Ok, so one of the considerations in the housing economy is the quality of life that the surrounding areas provide. Kansas State came up with a new way to view a market area.

But a word of caution – this is a precision party trick — rigorous mapping of ridiculous data. But hey, it’s fun.

Seven Deadly Sins Nationwide with “Hot Spots”

By culling statistics from nationwide databanks of things like sexually transmitted disease infection rates (lust) or killings per capita (wrath), the researchers came up with a sin index.

The darker a county is on the map, the more evil it is.

Lust – sexually transmitted disease infection rates

Gluttony – counting the number of fast food restaurants per capita

Greed – comparing average incomes with the total number of inhabitants living beneath the poverty line

Sloth – comparing expenditures on arts, entertainment and recreation with the rate of employment

Wrath – killings per capita

Envy – using the total number of thefts — robbery, burglary, larceny and stolen cars

Pride – combined all data from the six other sins and averaged it into an overview of all evil (see top of post)

[Fence Sitting] Loose Lips, Not In Sync

April 1, 2009 | 12:32 am |

As I invested a lot of time watching the March Madness NCAA basketball tournament this weekend (in 2nd place going into the Final Four!), CBS showed the same 6 commercials over and over and over again. One of those was the “Fence Sitters” ad by NAR. The above commercial accomplished what it needed to – buyers are on the fence waiting to make a decision and NAR is there to help. Fine.

However, the strange thing about the commercial was the narrator’s lips. They were out of sync with the video. I swear. The quality of this version is poor, however, so it is hard to tell.

The commercial was shown so many times I became an expert on its contents. Apparently it is assumed that sports fans love repetition just like the athletes do when training so the same ads can be shown over and over during sports shows or programs and we lemmings just bob our heads

While tortured through a mind numbing do loop of these handful of commercials all afternoon I reached out through Twitter and Facebook and get feedback from others trapped in the same plight – a resounding agreement with my observation was returned.

By the way, do producers and clients of these things sit and watch the final cut?

I am not trying to bash NAR here – they are trying to help their membership with this ad series, which has clarity and is actually pretty good for a trade group.

Those lips though – they were out of sync – which pulls so much irony out of me from past NAR transgressions from their various chief “economists”, I fear I may have no more irony left. Still, as a trade group NAR seems to be on the right track as of late.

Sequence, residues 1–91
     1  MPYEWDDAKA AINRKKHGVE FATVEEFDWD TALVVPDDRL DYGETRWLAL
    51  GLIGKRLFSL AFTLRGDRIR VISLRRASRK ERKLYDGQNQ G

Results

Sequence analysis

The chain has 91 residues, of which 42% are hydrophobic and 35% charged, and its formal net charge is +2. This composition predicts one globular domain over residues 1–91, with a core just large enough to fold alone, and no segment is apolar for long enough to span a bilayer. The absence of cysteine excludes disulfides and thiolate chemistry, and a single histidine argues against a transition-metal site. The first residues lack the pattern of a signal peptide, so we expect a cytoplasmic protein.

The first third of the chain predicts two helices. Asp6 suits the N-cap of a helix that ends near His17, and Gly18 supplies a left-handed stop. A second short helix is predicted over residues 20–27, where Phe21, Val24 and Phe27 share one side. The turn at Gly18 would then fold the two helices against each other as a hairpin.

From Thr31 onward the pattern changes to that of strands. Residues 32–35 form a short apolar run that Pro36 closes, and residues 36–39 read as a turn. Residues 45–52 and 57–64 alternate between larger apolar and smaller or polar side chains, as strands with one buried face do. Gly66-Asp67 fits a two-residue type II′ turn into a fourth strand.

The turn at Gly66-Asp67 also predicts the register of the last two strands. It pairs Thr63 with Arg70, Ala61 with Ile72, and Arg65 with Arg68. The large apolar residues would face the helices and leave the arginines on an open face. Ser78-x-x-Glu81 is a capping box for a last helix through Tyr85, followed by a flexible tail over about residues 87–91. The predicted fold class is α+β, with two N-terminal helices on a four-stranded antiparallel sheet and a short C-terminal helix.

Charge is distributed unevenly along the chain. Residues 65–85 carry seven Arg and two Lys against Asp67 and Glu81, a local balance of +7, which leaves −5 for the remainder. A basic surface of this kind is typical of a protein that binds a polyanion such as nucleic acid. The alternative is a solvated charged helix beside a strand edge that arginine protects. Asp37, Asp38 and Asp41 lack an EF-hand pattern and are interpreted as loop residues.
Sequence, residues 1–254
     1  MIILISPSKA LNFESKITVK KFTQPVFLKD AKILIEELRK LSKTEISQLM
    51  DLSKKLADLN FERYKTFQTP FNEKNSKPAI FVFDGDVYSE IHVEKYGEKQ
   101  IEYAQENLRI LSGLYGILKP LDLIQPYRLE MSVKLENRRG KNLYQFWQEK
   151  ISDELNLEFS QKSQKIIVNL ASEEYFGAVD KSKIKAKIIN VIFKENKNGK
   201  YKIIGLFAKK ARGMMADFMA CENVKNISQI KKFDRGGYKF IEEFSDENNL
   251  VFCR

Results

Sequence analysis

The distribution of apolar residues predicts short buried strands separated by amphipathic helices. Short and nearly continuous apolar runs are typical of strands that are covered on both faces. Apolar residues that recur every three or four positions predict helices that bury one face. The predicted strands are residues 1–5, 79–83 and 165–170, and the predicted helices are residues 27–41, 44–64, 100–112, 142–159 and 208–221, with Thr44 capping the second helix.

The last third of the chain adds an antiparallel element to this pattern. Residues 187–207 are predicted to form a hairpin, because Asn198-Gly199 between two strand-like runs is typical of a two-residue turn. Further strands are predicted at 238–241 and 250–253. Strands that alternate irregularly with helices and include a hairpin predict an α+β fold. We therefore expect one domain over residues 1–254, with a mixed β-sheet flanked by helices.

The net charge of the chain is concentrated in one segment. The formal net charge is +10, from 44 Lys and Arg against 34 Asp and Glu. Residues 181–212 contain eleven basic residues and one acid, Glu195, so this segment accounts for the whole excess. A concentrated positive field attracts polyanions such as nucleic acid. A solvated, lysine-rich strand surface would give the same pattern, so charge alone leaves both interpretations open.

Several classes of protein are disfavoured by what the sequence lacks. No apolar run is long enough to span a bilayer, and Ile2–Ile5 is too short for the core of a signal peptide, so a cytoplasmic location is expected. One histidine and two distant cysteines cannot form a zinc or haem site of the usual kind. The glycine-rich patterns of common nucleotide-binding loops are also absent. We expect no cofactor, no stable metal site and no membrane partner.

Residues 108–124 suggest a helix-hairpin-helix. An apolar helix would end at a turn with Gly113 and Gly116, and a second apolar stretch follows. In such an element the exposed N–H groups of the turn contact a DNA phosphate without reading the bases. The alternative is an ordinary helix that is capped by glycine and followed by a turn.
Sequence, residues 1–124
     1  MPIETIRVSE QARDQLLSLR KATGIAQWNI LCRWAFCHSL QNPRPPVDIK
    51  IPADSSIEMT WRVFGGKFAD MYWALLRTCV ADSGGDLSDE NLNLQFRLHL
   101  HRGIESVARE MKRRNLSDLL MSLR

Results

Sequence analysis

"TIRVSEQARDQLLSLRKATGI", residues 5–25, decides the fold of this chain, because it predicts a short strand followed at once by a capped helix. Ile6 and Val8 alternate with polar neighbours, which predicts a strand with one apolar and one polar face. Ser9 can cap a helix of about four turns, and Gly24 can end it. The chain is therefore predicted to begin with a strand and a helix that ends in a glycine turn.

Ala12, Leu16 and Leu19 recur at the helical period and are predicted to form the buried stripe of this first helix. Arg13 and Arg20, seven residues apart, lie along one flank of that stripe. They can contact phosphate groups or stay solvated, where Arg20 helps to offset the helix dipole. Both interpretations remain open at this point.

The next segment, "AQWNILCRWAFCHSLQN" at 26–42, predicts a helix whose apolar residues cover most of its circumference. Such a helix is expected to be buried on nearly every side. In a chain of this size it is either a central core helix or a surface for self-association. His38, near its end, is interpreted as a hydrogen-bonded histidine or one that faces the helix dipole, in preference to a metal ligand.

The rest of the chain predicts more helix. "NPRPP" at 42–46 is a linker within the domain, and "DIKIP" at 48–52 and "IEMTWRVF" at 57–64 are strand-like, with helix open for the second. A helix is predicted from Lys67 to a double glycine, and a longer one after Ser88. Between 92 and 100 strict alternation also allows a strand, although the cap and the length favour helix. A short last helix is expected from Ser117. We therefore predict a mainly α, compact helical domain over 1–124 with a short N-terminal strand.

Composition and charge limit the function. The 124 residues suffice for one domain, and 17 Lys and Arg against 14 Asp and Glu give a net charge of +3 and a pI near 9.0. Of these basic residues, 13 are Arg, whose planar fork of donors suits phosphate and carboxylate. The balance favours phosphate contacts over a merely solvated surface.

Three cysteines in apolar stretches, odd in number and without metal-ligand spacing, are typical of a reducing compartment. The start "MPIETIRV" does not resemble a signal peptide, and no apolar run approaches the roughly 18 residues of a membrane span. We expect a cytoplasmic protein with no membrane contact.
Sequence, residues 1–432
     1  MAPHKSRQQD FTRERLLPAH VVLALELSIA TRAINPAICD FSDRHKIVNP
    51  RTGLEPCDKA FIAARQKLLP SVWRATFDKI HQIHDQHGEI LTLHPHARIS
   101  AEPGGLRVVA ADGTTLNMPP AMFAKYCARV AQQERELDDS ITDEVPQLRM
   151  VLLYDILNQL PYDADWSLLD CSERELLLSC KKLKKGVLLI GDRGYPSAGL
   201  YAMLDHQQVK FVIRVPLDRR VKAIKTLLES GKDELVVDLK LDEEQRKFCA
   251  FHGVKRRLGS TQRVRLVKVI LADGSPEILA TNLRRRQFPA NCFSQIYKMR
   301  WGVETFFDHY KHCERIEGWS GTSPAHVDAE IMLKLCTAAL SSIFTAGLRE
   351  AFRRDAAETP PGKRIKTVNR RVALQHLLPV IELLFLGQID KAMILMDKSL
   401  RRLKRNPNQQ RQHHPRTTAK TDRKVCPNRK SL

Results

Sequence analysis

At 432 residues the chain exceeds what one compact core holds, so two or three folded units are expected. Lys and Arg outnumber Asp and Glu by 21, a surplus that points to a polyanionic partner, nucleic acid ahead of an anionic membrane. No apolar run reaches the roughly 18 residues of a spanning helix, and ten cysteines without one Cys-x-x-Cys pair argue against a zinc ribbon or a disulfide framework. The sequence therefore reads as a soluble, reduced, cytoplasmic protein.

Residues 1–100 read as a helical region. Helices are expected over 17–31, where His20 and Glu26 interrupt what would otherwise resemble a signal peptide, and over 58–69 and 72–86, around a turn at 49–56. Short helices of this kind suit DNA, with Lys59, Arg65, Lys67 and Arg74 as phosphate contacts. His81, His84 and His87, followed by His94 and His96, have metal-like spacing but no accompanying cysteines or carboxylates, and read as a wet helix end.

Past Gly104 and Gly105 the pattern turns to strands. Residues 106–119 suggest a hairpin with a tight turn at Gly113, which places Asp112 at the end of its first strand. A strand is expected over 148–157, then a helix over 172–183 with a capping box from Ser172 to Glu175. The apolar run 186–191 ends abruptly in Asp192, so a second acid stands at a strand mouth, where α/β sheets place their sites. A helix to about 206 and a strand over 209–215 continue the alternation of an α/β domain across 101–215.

[Planting A Garden] DJIA Surge = Better Mood = More Home Sales

March 23, 2009 | 11:32 pm | |

Who says the Dow Jones Industrial Average has anything to do with the outlook for the housing market?

I am certainly skeptical, and get downright annoyed every time someone would refer to the DJIA result that day as a litmus test for some sort of national mood.

Yet people seem to be feeling a little better about things (the economy/housing) today than a few weeks ago. Here’s a chronology of cause and effect (DJIA rises and home sales rise) conveniently edited to make my point:

First of all, this has been one heck of a busy news cycle and the path from DJIA to rising home sales is obvious.

Secondly, I need to splash some cold water on my face and get back to work.

Aside: we don’t need bipartisanship.

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[Pi Day] 3.14159265358979323846264338327 95028841971693993751058209749445923078 1640628620899862803482534211…

March 14, 2009 | 10:36 am | |


Given the uptick in the financial markets this week, the positive sign that many seem to be taking from it, and the fact that it involves endless digits of circular numeric calculations, yesterday was Friday the 13th (there are 4 in 2009), so we should:

Do The Math After all, its 3.14…

National Pi Day: Congress took time from it’s busy bailout schedule designating today as National Pi Day.

Here is, quite appropriately, an attempt at a monetized version. Some even argue that Pi is better than sex, but I suspect that is difficult to calculate. Wikipedia has an amazing presentation on Pi for those who are curious. Here’s the million digit version.

Per Wikipedia
Ï€ is defined as the ratio of a circle’s circumference to its diameter
Ï€ can be also defined as the ratio of a circle’s area to the area of a square whose side is equal to the radius

In real estate economics (Matrix-wise), a Pi-type formula might be expressed as:

property value = ((consumer confidence + (1-their employment outlook/their employment outlook)) + (personal drive for home ownership x irrational behavior) + ((total distance from schools+ total distance from employment)/(White Castle projected visits/Whole Foods projected visits))/(mortgage rates x cash on hand x affordability ratios x size of down payment)/(mood of bank underwriter – name on stadium factor + amount borrowed from US Treasury))

In other words, its complicated.

Perhaps we can turn to Albert Einstein because its his birthday today and simply use E = mc squared and apply it to housing values to figure this all out.

Ok, back to reality.